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Frontalis Muscle

You must have seen patients with drooping upper lids who lift their eyebrows to provide a tiny bit more upper eyelid elevation. The frontalis muscle lifts the brows and is a weak retractor of the upper eyelids. The frontalis muscle is a part of the occipitofrontalis musculofascial complex (frontalis muscle, galea aponeurotica, and occipitalis muscle) of the scalp. This broad band of tissue extends across the top of the skull from the occiput to the eyebrows. The A in the mnemonic for remembering the layers of the “SCALP” is this aponeurosis (S, scalp, C, subcutaneous tissue, A, aponeurosis, L, loose areolar tissue, P, periosteum.)

The fibrous aponeurosis becomes the frontalis muscle inferior to the hairline. Contraction of the frontalis muscle causes the horizontal furrows in the forehead. You may notice that the forehead furrows do not extend to the temporal hairline. The frontalis muscle thins laterally and does not extend to the tail of the brow. The lack of frontalis pull over the tail of the brow explains the temporal brow ptosis seen so commonly in older adults.

Like the other muscles of facial expression, the frontalis muscle is innervated by a branch of the facial nerve. Unlike with other branches of the facial nerve, there is no redundancy in the innervation of the frontalis muscle. A single branch, the frontal nerve, innervates the frontalis muscle. The path of the frontal nerve can be estimated by drawing a line from the tragus of the ear to the point 1 cm above the tail of the eyebrow. You will learn to take special care to avoid damage to the frontal nerve during any surgery near the path of the frontal branch. Damage to the nerve may leave the patient with a permanent paresis or paralysis of the frontalis muscle, resulting in a brow ptosis.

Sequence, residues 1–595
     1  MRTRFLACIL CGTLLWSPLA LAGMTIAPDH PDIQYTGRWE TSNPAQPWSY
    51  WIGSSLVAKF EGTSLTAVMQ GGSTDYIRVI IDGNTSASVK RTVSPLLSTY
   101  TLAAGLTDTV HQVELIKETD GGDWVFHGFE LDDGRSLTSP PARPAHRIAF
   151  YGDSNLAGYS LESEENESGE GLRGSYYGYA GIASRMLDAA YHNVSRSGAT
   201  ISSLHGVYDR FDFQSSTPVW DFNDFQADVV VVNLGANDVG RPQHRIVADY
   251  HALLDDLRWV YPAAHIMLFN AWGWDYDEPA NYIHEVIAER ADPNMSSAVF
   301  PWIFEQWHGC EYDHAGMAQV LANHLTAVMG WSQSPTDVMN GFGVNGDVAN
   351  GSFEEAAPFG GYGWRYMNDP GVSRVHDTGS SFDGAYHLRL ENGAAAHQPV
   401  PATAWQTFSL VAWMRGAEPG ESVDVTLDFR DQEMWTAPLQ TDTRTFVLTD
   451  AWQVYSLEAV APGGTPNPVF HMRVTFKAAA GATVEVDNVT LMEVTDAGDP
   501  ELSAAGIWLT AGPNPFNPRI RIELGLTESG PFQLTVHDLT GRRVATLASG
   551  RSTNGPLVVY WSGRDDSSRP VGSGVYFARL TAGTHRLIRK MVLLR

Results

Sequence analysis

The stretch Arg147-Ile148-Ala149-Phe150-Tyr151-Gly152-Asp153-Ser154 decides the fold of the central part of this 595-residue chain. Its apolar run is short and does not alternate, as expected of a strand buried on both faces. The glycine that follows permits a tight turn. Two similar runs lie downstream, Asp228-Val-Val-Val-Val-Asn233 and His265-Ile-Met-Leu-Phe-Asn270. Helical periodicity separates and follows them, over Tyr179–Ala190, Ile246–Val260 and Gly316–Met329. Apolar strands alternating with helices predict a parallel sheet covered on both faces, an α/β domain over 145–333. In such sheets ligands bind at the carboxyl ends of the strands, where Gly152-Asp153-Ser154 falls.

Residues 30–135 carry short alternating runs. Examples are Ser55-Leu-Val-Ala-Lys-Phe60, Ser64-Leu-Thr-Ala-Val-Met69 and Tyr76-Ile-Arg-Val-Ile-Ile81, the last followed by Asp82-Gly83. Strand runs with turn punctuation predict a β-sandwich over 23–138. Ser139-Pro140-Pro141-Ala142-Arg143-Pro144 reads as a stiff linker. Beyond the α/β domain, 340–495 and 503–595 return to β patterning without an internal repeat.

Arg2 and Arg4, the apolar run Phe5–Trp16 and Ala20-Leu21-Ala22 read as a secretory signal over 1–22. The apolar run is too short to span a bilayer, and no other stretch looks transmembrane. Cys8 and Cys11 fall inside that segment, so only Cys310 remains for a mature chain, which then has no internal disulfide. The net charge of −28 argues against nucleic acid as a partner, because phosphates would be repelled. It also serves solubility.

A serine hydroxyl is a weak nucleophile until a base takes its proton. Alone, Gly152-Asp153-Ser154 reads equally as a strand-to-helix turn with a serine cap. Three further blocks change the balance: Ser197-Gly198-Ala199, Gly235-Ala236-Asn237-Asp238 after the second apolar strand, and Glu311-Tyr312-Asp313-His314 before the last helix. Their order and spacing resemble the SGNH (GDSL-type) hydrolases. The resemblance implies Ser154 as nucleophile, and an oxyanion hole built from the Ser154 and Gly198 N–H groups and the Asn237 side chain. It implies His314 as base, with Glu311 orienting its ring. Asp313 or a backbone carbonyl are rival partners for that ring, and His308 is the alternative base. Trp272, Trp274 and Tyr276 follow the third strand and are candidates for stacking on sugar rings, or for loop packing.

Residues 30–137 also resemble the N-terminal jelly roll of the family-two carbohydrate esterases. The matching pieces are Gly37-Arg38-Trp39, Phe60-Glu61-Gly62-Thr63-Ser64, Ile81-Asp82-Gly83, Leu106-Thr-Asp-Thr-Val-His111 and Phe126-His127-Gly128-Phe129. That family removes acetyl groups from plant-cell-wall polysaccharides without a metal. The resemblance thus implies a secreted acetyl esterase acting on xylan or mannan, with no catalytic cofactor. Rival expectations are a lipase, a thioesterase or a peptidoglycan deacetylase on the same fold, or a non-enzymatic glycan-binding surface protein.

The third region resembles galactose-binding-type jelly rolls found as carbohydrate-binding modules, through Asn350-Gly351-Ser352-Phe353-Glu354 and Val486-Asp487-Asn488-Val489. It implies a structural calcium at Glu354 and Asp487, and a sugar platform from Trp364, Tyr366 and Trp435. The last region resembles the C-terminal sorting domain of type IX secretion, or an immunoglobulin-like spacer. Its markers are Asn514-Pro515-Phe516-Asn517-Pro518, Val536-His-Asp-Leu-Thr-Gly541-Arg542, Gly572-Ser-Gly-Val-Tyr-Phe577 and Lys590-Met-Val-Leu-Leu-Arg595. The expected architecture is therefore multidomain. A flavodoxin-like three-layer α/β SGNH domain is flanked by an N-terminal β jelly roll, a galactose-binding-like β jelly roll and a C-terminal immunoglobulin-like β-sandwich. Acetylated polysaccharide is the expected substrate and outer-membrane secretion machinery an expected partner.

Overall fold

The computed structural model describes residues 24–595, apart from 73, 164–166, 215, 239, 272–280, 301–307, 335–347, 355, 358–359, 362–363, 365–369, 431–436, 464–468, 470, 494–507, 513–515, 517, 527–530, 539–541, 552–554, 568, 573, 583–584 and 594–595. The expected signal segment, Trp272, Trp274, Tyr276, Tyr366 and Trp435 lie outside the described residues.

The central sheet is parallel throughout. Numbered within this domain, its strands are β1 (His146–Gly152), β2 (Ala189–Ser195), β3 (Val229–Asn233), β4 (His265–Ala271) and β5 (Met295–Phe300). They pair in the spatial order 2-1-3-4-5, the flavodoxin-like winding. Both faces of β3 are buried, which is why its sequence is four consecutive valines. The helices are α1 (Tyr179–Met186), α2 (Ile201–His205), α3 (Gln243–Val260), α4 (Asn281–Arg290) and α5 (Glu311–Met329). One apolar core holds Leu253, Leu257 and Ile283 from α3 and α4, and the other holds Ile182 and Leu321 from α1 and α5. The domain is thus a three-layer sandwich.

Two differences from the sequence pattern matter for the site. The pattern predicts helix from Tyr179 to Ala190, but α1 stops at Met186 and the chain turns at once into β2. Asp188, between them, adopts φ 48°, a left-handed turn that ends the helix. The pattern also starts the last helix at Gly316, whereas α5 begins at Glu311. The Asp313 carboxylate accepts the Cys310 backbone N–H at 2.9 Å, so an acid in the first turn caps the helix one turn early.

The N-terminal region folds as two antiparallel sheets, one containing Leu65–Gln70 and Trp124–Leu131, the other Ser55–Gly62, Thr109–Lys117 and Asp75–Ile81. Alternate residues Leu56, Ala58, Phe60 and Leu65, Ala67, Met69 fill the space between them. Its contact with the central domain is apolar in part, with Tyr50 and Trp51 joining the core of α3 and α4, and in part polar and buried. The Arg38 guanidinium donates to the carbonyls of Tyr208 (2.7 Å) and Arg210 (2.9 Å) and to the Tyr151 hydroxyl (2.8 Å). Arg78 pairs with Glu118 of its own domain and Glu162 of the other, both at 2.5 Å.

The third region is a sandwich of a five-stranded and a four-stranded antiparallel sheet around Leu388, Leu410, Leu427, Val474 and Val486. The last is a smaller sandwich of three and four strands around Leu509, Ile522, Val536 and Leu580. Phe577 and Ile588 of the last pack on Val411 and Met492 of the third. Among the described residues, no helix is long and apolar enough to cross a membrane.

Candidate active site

Mesoderm of second pharyngeal arch.


It has no bony origin. It arises from the orbicularis oculi, skin and subcutaneous tissue of the eyebrow.


Galea aponeurotica.

Nerve supply

Temporal branch of facial nerve.


It produces transverse wrinkles on the forehead. Thus, this muscle causes the sign of exclamation. It helps to the move the scalp. It opposes the action of orbicularis oculi

Clinical Relevance

An active trigger point in the frontalis muscle belly is identified by flat palpation as spot tenderness above the medial end of the eyebrow. An active trigger point in the occipitalis muscle belly lies in a small hollow just above the superior nuchal line approximately 4 cm (1.5 inch) lateral to the midline. Spot tenderness is located by flat palpation.

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Frontalis Muscle

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